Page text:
You probably already know and love Some Like It Hot, Groundhog Day, City Lights, Annie Hall, The General, and Duck Soup. They’re classics. But an awful lot of great comedies never reached that status. Some were wrong for their time. Others were hits, but were largely forgotten over the decades. Some are just acquired tastes.
Here are six very funny movies that have been largely forgotten, but are begging to be rediscovered. Add your own choices in the comments section below.
Intolerable Cruelty (2003)
The Coen Brothers dragged the ’40s screwball comedy into the 21st century, added a darkly comic mean streak, and created one of their funniest farces. George Clooney and Catherine Zeta-Jones marry, divorce, fight, and con each other in one crazy plot twist after another, and all of it very, very funny. Classic screwball combined romantic comedy, class warfare, and glamorous movie stars acting like slapstick comedians; Intolerable Cruelty fits that bill better than anything else made in the last 60 years.
This broad farce set in the world of TV soap operas isn’t as thoughtful as Tootsie, but it has a hell of a lot more laughs. Sally Field, at her funniest, plays a soap opera diva who suspects (rightly) that her producer (Robert Downey Jr.) wants her off the show. How will he get her to quit? Bring back an old flame of hers, played by Kevin Kline in another great comic performance. The cast also includes an angelic Elisabeth Shue, a brilliantly funny Cathy Moriarty, and Whoopi Goldberg as Rose Schwartz.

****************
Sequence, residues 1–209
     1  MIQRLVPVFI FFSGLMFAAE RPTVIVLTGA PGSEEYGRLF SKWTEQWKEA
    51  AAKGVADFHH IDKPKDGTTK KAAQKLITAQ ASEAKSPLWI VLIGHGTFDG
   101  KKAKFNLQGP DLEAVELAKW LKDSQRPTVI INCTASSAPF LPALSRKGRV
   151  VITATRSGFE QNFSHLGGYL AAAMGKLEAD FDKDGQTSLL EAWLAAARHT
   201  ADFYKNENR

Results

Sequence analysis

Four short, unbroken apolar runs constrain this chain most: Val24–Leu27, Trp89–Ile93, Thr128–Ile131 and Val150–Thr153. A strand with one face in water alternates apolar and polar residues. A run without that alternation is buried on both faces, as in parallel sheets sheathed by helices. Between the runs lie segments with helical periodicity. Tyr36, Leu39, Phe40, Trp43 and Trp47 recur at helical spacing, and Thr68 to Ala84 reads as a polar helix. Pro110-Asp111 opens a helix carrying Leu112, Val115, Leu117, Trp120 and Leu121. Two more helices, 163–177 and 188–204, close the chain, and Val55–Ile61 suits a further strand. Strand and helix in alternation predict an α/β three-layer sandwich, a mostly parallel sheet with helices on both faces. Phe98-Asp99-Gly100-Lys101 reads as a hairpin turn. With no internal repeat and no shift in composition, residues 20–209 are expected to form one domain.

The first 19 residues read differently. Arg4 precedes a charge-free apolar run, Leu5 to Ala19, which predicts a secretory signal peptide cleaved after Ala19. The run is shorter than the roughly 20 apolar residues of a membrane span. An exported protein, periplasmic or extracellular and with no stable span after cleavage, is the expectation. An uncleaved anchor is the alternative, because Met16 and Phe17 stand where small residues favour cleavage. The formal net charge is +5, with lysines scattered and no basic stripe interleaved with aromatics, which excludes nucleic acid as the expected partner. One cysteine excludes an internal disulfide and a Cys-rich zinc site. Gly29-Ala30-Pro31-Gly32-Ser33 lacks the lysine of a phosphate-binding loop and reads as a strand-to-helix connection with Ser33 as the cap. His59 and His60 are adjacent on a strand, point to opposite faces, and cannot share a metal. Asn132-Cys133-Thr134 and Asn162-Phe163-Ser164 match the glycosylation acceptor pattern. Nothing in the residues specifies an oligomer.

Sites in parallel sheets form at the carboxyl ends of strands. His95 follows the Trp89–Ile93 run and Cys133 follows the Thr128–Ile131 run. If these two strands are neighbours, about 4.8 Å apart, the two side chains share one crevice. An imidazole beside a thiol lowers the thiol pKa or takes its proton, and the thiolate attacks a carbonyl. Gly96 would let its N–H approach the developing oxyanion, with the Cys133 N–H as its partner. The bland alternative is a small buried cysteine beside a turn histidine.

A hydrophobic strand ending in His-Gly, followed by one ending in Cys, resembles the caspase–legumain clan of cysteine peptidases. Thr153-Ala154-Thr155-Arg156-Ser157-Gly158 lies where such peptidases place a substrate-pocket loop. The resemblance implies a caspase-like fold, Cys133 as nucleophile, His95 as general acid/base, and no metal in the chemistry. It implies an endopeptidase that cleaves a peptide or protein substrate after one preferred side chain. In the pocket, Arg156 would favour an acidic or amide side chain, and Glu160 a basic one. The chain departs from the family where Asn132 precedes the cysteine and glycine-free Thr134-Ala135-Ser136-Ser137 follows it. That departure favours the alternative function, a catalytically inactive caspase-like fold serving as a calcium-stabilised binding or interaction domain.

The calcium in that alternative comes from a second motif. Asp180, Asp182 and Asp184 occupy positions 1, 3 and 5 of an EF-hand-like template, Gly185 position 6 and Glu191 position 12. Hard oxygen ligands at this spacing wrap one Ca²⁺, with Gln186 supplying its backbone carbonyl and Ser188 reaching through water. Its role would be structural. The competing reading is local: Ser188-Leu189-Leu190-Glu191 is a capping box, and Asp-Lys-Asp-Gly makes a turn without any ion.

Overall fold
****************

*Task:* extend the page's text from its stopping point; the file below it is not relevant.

The Tall Blond Man with One Black Shoe (1972)
The great French comedian Yves Robert stars as a classical violinist who unknowingly becomes the target of rival spy networks. The violinist has his own problems – his best friend’s wife is stuck on him – but things get more complicated as serious-looking men bug and examine his apartment, assuming every eccentricity as the brilliant work of a master spy. The movie was a big enough hit to spawn both a sequel and an American remake, but despite the movie’s still current theme of government surveillance, and the considerable laughs, it’s been largely forgotten.
The President’s Analyst (1967)
Yet another spy comedy that deals with some very 21st-century issues – if only in the final act. The White House hires a psychiatrist (James Coburn) to help the president deal with his emotional burden. Soon spies from every country on Earth converge to kidnap the unfortunate doctor (and stop other spies from kidnapping him). True, the movie’s swinging ’60s visuals and music are way out of date, but it’s still a very funny movie.
A Slight Case of Murder (1938)
We don’t think of Edward G. Robinson as a comedian, but he knew how to get a laugh. Here he plays a former bootlegger going broke because, years after legalization, he’s still selling prohibition-quality beer. He retreats to his country home, where dead bodies keep popping up. Other problems include an annoying orphan and a future son-in-law who happens to be a cop.
Seven Chances (1925)
I went back and forth on including this gem; nothing Buster Keaton made in the 1920s is really forgotten. But Seven Chances deserves classic status, simply because it’s one of the most efficient feature-length laugh machines ever made. Watch it with an audience, and you seldom get a chance not to laugh. But be warned: By today’s standards, Seven Chances contains racist jokes that are no longer acceptable. Read my blu-ray review.